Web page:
To meet growing demands, NYSEG needed to reinforce the electrical system capacity for Westchester County by installing a new sub transmission line that would connect the grid to a regional distribution substation.
O’Connell was prime contractor for NYSEG’s $2 million project to install a 46kV transmission line near Katonah and Cross River, New York.
The project consisted of constructing six miles of pre-assembled aerial cable transmission line, one and a half miles of overhead construction to 115kV standards, and a quarter mile open crossing over the heavily traveled I-684 corridor. Completing the highway crossing with only a 14 minute traffic stoppage was a notable achievement—especially on Mother’s Day morning. The project was completed in four months.
Energy East (formerly Rochester Gas & Electric) provides electricity to over 350,000 customers in a region centered around the City of Rochester in Upstate New York. With industry deregulation, Energy East shifted its focus from power generation to power distribution. In decommissioning a major generating station in Rochester, the company needed to update and improve transmission/distribution facilities as it brought outside power into the area.
To meet the needs of Energy East’s massive $115 million transmission/distribution project, O’Connell formed a joint venture partnership, Rochester Power Delivery, with two other companies. O’Connell provided new and updated transmission lines for the project which included installation of 40 circuit miles overhead, 50 circuit miles underground for 34.5kV and 115kV capacity. O’Connell reinforced the transmission loop surrounding the City of Rochester as well as the region’s connections to the cross-state transmission tie-line.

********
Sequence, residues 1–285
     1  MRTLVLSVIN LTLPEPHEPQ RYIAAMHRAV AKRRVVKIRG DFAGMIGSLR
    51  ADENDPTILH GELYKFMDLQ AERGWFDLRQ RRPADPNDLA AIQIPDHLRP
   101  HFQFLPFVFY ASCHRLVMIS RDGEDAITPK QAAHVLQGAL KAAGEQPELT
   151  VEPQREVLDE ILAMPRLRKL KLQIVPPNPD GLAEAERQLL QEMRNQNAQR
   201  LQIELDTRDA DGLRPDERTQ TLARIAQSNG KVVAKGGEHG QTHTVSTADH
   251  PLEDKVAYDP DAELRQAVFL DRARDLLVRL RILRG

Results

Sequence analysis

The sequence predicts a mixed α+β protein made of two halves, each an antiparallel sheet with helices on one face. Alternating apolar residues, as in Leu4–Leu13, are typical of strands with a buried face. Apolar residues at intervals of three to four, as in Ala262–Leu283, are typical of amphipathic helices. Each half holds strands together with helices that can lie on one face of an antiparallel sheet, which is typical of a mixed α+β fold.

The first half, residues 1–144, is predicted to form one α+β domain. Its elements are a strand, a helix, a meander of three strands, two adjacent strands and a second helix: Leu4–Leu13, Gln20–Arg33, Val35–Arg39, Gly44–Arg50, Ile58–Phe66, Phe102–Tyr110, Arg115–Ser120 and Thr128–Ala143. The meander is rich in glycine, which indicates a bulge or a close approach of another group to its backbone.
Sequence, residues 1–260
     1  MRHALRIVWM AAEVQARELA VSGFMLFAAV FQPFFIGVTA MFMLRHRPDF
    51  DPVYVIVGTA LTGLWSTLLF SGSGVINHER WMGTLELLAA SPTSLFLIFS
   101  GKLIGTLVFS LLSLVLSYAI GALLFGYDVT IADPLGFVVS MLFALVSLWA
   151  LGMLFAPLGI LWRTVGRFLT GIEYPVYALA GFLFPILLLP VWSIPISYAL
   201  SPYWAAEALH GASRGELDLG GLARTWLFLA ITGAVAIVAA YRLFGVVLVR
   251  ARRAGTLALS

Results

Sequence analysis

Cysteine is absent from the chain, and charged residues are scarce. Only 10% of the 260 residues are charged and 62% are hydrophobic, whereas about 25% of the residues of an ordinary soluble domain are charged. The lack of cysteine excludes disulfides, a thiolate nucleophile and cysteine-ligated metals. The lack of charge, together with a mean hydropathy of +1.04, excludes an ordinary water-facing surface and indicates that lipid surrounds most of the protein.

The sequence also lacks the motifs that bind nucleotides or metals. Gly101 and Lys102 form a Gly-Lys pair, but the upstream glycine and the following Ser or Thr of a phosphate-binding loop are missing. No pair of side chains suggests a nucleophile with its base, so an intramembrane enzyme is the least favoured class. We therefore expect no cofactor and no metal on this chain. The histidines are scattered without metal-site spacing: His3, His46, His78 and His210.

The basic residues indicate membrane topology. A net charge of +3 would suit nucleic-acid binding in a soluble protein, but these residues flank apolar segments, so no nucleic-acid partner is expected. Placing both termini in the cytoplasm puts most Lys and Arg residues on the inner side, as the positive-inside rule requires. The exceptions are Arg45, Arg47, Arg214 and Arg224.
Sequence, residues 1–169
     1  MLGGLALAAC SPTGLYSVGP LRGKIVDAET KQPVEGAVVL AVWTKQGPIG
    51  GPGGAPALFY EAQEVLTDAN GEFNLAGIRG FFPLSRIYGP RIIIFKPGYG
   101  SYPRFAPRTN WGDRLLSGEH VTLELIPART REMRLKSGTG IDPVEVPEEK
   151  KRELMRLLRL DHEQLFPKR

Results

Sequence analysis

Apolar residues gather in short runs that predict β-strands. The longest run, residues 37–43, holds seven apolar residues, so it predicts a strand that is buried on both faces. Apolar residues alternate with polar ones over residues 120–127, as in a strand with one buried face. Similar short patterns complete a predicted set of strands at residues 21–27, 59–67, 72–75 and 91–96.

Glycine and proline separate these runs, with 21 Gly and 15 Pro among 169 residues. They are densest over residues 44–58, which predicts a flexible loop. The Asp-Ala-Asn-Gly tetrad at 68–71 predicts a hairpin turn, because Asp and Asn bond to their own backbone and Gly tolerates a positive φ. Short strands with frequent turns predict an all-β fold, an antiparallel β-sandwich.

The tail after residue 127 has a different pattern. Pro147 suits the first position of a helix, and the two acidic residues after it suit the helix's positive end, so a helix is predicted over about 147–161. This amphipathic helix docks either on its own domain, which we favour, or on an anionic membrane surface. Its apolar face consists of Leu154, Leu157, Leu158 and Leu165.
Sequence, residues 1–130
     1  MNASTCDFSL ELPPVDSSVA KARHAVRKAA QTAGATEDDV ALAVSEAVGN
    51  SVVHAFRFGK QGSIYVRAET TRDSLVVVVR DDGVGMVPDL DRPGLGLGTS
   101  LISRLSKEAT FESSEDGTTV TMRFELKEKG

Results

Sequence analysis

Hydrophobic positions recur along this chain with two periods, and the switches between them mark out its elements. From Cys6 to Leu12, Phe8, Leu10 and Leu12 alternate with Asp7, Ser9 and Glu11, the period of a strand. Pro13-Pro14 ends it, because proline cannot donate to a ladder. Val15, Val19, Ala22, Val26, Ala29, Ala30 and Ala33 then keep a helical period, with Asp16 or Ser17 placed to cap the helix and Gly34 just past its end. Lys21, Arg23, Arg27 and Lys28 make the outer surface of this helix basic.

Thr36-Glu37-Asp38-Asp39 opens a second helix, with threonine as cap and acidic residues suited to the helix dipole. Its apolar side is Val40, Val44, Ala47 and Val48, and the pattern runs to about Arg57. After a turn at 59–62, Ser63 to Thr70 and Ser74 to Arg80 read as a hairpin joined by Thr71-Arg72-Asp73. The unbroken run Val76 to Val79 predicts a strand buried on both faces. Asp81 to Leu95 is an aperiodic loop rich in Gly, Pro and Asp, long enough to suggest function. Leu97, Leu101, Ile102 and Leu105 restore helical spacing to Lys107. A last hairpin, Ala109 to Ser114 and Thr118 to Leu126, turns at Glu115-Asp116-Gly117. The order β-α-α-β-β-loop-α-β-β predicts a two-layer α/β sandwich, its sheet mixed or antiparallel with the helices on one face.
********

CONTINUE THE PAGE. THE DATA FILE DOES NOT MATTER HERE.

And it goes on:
When Energy East (formerly Rochester Gas & Electric) shifted its focus in Upstate New York from power generation to power distribution it had to shut down a major power generating station in Rochester. To replace the station’s electrical generating capacity, the company needed new and updated transmission/distribution facilities to serve the area. A major piece of the project was to test and commission new and upgraded substations without interrupting power to customers.
O’Connell was awarded a $2 million subcontract to perform testing and commissioning services at eleven active substations. The facilities included a new 115kV switchyard and 115kV to 34.5kV substation as well as nine substations that were upgraded from 115kV to 345kV capacity. To maintain power across the region throughout the commissioning process, O’Connell utilized Doble 3-phase power simulator, satellite, and GPS technology to synchronize and simultaneously test substations in different locations. The project was successfully completed over a period of 20 months without a power outage to the service area. O’Connell also performed acceptance testing across 53 circuit miles of underground 34.5kV cable for the project.